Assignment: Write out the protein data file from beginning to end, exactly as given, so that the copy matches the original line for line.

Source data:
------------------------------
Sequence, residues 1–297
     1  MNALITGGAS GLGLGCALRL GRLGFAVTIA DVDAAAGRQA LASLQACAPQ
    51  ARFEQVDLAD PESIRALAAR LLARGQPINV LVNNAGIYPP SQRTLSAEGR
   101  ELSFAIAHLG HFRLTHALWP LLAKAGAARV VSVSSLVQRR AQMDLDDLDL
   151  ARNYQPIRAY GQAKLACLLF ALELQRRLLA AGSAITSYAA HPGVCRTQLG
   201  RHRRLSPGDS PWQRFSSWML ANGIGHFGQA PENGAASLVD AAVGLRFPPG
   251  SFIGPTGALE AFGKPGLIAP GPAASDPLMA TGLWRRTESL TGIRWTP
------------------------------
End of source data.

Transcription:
Sequence, residues 1–297
     1  MNALITGGAS GLGLGCALRL GRLGFAVTIA DVDAAAGRQA LASLQACAPQ
    51  ARFEQVDLAD PESIRALAAR LLARGQPINV LVNNAGIYPP SQRTLSAEGR
   101  ELSFAIAHLG HFRLTHALWP LLAKAGAARV VSVSSLVQRR AQMDLDDLDL
   151  ARNYQPIRAY GQAKLACLLF ALELQRRLLA AGSAITSYAA HPGVCRTQLG
   201  RHRRLSPGDS PWQRFSSWML ANGIGHFGQA PENGAASLVD AAVGLRFPPG
   251  SFIGPTGALE AFGKPGLIAP GPAASDPLMA TGLWRRTESL TGIRWTP